TOLEDO, OH (Toledo News Now) - The Toledo Public School board approved a 6.9 mill levy Monday to be placed on the November ballot.
All five members of the board voted yes. They say long-range financial forecasts put TPS in a $15 million deficit by 2014.
Leaders say they have been securing grants and cutting down expenses, but it is just not enough to keep the district operating.
"If it doesn't pass in November, we're looking at making cuts in the spring time. We have to do that," said TPS Superintendent Jerome Pecko.
TPS has been operating without levy support since 2001 and the last two attempts at passing a levy failed. This new levy would cost residents with a $60,000 house about $127 a year.
"This is the first step of many steps we have to go, but I think there is going to be a different philosophy as how our campaign is being done. We're really proud of our students, and we're going to continue to invest in them, and ask the community to invest in them. So we have a lot of work to do between now and November 6," said TPS Board President Lisa Sobecki.
School Board Member Bob Vasquez says the levy needs to pass because TPS has worked hard in implementing a transformation plan this school year that has been successful. Even so, he knows it will be tough asking voters to pay out more money.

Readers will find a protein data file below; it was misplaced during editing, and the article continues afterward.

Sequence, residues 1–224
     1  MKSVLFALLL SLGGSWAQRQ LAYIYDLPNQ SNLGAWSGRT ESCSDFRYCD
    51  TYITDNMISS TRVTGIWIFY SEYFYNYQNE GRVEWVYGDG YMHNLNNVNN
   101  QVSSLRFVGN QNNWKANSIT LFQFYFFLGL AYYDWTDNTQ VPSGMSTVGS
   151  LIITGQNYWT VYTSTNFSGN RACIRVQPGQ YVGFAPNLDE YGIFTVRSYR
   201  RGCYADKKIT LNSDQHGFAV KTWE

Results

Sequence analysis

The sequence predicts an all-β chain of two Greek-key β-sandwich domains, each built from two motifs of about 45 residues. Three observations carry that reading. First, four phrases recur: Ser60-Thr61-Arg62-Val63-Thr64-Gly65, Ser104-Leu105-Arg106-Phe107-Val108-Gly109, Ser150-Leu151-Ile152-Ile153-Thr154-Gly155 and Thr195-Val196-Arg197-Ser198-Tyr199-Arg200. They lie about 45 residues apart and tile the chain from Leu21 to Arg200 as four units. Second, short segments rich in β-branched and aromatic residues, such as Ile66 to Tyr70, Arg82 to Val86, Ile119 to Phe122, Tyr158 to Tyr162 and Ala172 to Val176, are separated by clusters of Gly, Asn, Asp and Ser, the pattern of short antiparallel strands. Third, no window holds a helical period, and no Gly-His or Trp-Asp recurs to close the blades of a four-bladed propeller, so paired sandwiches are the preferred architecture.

"We've been one of the hardest hit communities economically, but we don't want the education of our students to suffer from that. So we really need to pass this levy," said Vasquez.
In a separate decision at the same meeting, the board reinstated freshman sports.
Community Leader Support
Following the meeting, community leaders gathered to show support of the levy. In attendance were Mayor Mike Bell; UT President Lloyd Jacobs; Council President Joe McNamara; and President of the Lucas County Commissioners Pete Gerken.
They emphasized that strong schools promote job growth and protect property values. They said the investment by the community will help the district continue the multi-year transformation plan and allow the school system to contribute to the region's renewal.
"This is a do or die situation for us," said Pecko.
Pecko says the district's finances are looking grim.
"Our district only has one more year of a balanced budget and then we start to run a huge deficit," said Pecko.
Sobecki is grateful the levy passed with a unanimous vote.
"We've had a tsunami hit the school districts. Public education has had tsunamis hit them. We've had tsunamis hit our community and this is still that recovery mode," said Sobecki.
Bell says kids need a solid education.
"Not having the funding to do it puts our kids at a disadvantage and as a mayor, I cannot accept that as a practice that we're going to have inside the city of Toledo," said Bell.
A levy campaign committee has started forming and will begin door-to-door campaigning in the next few weeks.